For Evita Tony Nominee Michael Cerveris, Working Opposite Two Evas Is Fascinating and Exciting
By Andrew Gans
Tony winner Michael Cerveris, who received a Tony nomination for his performance as Perón in the current Broadway revival of Evita, was on his way to the recording studio to record the musical's Andrew Lloyd Webber-Tim Rice score when he received the news of his fifth Tony nomination.
"I think the special thrill of the recognition this time is the feeling that it kind of acknowledges and recognizes the new things that we discovered and unearthed in the character of Perón and the new sort of place that the story of the relationship between Perón and Eva has taken in this production," Cerveris told Playbill.com on the morning the nominations were announced.
"I think that's something we're really proud of," the singing actor added, "shedding more light and bringing more dimensions to the character of Perón that has been played brilliantly and memorably by Bob Gunton [in the original Broadway production] and Jonathan Pryce in the movie. But this feels like a special acknowledgement and recognition for new things that we've discovered and explored in this character that kind of puts Perón in the league of Eva and Che in a way that maybe it hasn't been before. That feels really gratifying on behalf of myself and [director] Michael Grandage, especially, and Elena [Roger, who plays Eva] as well because it really is true that whatever success I have in portraying this character is very much because of Michael and Elena working with me and inspiring me to all that. And then, even though we don't strictly have scenes together, the work that Ricky [Martin] does and the kind of selfless way that he goes about performing Che also allows me to do my best work, too, so I'm indebted to all of them and the whole company."
Cerveris, who won his earlier Tony Award for his performance in Stephen Sondheim's Assassins, has the rare opportunity to play opposite two different leading ladies each week: Roger, who stars in six shows a week, and Christina DeCicco, who plays the vocally demanding title role at Wednesday evening and Saturday matinee performances.
"That's really fascinating," explains Cerveris. "It's not something I've had the chance to do before. In the beginning, it's very disorienting because you've only just begun to kind of learn one person's rhythm, and suddenly, there's somebody else there. Of course, it's extremely challenging for Christina because, in the beginning, she just had nowhere near the time on stage with me or in the rehearsal room for us to form that kind of comfort zone, even though from the very beginning, it was astounding from her first run-through with everybody, just how much work she had done to be able to step up ... and not just hit the right marks and know the right words and hit the right notes, but really already have a character being formed and developed.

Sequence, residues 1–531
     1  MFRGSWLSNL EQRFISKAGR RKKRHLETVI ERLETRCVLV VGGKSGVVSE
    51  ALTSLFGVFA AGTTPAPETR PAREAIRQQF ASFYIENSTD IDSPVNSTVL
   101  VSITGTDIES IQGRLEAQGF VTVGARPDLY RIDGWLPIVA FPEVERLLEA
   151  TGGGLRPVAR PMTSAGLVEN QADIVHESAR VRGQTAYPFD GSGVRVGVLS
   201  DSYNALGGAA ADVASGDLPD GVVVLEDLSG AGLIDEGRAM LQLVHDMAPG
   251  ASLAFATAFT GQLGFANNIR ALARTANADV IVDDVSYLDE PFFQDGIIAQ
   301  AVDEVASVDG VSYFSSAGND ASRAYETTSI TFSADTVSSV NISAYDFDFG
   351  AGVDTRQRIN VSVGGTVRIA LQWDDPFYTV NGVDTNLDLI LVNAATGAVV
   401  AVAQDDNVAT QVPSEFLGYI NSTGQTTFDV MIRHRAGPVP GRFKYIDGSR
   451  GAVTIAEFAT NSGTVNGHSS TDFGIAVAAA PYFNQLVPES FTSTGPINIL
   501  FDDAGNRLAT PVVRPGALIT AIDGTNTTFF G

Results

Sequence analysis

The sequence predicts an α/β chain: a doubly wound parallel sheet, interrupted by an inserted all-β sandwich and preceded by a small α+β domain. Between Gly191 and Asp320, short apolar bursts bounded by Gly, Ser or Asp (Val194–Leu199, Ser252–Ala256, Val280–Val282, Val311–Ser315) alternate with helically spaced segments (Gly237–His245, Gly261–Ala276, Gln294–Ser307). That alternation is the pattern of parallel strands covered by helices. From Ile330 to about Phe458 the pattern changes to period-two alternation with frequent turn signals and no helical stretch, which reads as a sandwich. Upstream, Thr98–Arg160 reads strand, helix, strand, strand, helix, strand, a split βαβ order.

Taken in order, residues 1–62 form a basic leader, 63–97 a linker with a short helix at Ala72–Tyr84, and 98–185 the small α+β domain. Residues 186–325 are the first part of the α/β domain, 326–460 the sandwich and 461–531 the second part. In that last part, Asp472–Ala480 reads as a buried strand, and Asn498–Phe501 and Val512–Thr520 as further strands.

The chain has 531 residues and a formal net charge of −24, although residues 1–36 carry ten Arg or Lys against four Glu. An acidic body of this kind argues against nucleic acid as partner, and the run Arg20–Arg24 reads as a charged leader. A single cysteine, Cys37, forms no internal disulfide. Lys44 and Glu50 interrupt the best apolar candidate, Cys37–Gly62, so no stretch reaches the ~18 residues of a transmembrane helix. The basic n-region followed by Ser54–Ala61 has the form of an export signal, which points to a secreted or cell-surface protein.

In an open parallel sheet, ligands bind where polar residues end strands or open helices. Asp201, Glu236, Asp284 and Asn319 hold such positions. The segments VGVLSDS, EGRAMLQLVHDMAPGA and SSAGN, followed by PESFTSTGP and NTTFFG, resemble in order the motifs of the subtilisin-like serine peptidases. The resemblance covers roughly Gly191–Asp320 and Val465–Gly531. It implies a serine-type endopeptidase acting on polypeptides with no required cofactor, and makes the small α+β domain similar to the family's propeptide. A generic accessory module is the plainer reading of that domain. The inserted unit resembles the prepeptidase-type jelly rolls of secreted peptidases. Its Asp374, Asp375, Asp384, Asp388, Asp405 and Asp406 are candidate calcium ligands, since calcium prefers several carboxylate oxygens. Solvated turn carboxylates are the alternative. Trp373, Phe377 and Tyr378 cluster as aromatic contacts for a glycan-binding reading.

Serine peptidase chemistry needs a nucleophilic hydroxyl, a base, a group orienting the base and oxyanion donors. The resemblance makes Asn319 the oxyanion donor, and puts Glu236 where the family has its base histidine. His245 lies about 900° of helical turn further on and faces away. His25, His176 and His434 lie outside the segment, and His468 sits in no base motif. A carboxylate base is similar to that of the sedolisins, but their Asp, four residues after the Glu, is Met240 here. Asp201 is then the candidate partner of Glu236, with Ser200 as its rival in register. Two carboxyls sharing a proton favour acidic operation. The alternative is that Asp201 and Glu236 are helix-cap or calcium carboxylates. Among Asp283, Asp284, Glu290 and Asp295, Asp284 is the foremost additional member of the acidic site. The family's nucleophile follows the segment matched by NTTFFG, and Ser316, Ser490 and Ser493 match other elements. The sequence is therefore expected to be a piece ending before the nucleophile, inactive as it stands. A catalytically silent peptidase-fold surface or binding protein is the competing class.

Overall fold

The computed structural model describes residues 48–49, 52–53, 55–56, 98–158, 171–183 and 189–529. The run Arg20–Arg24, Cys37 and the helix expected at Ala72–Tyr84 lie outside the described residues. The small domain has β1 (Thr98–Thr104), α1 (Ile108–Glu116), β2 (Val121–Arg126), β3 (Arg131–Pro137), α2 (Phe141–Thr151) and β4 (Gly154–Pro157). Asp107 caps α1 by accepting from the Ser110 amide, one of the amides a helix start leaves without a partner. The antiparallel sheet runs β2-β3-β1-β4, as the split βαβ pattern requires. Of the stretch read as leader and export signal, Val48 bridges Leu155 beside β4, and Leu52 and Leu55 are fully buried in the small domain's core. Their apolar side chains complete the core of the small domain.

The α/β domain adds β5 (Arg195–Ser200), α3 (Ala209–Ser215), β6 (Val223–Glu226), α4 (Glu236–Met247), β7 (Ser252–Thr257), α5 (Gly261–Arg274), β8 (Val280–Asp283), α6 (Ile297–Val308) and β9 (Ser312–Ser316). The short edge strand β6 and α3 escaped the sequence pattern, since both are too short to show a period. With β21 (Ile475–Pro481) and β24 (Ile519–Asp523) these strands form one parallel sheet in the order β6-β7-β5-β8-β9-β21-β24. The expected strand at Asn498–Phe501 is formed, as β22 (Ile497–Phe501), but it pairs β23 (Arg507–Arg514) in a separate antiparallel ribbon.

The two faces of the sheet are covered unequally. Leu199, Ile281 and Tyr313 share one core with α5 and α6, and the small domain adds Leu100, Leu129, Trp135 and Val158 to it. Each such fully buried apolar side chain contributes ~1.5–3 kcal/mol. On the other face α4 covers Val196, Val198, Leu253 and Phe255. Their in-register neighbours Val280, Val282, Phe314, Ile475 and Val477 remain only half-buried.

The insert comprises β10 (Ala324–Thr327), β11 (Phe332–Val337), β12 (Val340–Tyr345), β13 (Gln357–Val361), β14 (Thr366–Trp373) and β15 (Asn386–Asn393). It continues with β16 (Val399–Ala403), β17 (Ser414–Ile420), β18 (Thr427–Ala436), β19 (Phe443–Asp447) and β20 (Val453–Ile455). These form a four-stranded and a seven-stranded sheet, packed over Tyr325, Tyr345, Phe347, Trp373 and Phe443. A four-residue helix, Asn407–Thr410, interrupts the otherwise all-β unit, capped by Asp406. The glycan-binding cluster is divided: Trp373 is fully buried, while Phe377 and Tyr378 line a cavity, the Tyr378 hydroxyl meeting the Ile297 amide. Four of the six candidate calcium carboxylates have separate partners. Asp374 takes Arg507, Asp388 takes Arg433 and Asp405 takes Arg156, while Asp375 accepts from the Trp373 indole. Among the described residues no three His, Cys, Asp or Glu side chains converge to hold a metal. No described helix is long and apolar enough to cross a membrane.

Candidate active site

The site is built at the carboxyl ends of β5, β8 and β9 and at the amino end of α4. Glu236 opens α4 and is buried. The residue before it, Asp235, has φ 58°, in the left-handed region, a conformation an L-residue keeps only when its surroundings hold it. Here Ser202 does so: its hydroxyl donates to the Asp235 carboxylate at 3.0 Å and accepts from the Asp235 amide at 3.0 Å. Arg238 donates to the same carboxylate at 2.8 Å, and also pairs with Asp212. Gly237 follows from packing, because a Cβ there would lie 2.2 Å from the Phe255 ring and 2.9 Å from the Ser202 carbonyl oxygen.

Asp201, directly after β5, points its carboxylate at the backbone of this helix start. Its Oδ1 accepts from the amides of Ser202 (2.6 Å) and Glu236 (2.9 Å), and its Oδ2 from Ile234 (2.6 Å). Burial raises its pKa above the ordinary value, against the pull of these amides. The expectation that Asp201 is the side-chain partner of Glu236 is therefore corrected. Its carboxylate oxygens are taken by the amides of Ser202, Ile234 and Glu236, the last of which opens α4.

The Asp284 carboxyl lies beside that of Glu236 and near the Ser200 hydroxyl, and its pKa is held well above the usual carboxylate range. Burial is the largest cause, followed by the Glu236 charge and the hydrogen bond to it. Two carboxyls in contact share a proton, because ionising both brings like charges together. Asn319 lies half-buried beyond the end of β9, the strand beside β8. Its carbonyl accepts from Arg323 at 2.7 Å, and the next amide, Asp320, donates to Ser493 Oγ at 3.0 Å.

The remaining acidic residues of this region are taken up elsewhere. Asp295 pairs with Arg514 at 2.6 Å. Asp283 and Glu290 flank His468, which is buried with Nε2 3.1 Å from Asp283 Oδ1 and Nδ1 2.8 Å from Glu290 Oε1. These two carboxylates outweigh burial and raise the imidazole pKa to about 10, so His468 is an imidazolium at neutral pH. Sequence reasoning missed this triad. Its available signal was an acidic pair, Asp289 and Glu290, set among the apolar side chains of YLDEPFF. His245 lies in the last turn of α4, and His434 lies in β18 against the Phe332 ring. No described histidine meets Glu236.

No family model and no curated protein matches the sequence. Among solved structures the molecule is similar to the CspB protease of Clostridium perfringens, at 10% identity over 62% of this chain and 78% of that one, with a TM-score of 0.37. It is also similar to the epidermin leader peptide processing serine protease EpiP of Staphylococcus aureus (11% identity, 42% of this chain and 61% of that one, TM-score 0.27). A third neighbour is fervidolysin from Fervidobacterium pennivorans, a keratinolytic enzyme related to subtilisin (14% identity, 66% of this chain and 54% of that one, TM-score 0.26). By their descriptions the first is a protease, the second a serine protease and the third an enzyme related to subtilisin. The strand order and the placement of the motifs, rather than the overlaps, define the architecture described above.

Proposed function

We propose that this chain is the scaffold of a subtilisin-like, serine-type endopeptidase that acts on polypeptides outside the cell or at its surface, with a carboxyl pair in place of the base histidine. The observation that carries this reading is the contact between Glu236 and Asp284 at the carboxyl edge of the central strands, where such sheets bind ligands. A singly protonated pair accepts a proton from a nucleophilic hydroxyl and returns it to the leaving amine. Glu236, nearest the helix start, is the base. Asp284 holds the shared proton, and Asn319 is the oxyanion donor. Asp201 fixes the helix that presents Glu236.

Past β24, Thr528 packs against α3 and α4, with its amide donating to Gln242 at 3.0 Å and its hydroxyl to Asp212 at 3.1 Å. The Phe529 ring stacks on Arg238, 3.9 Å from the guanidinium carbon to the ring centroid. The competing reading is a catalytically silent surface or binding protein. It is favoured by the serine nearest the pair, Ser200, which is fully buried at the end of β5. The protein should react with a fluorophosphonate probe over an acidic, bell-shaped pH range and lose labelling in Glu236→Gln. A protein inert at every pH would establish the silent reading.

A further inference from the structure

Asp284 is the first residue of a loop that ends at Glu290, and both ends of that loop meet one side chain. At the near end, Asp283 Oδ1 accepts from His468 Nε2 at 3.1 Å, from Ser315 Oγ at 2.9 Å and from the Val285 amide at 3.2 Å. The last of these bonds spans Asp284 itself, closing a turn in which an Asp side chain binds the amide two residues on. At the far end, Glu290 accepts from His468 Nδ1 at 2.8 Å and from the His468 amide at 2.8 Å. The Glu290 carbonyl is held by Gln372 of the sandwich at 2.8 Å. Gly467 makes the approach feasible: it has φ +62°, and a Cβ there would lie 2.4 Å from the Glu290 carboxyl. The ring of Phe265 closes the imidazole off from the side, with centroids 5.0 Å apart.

"So that was the beginning. It was a little confusing and disorienting and a challenge in exciting ways, but as it's gone on, it continues to be a challenge just because it keeps everybody very flexible, which I think is a good thing. And, now we've had enough shows together under our belt that we have our own sort of things, and while the story gets told the same, it has slightly different resonances at different times, and our scenes have their own qualities that are distinct from the qualities that they have when Elena and I are on stage together, and that's really exciting and really wonderful. [It's also] so wonderful that the relationship between Elena and Christina is just dictionary-definition of 'collaboration' and 'mutual respect.' They were like sisters in rehearsal — just sitting and sharing ideas and talking about things — and it really set the tone for that kind of work together. That relationship could obviously be a really dicey one, and it really has not. It's, in fact, been the opposite. It's been kind of inspirational."
Cerveris says that director Grandage, who also staged the London revival of Evita, wanted to initially direct the production because he saw the musical "as a young man and was so blown away by Hal [Prince]'s production that it was part of what made him want to be a director. I saw that original production, too, and I remember it very vividly. And, I had, not long before that seen my first Broadway show, which was Sweeney Todd, so within that period where I was just coming to understand and get an idea of what the Broadway musical is, it's kind of one of my cornerstones, too."
Cerveris explains that it was another Lloyd Webber-Rice musical, Jesus Christ Superstar, that first "opened musical theatre to me because I was a big fan of Ian Gillan, who was the lead singer of Deep Purple, and sang Jesus on that original concept album of Jesus Christ Superstar. I went to see Evita because I knew Jesus Christ Superstar, and I wanted to see a rock musical, which was kind of how it was being billed more at the time. In hindsight now, it seems less about being a pop-rock musical and more about this sung-through theatre piece....As a young person watching it, I was watching the whole thing through Che and through Mandy Patinkin. … There are loads of things that I've admired Mandy for since then — chiefly Sunday in the Park, which remains one of my favorite musicals ever — but the reason why I first thought Mandy Patinkin was awesome was because of Evita. And, what's really cool is that there are new legions of people thinking that Evita is cool because of Ricky, and that's fantastic."
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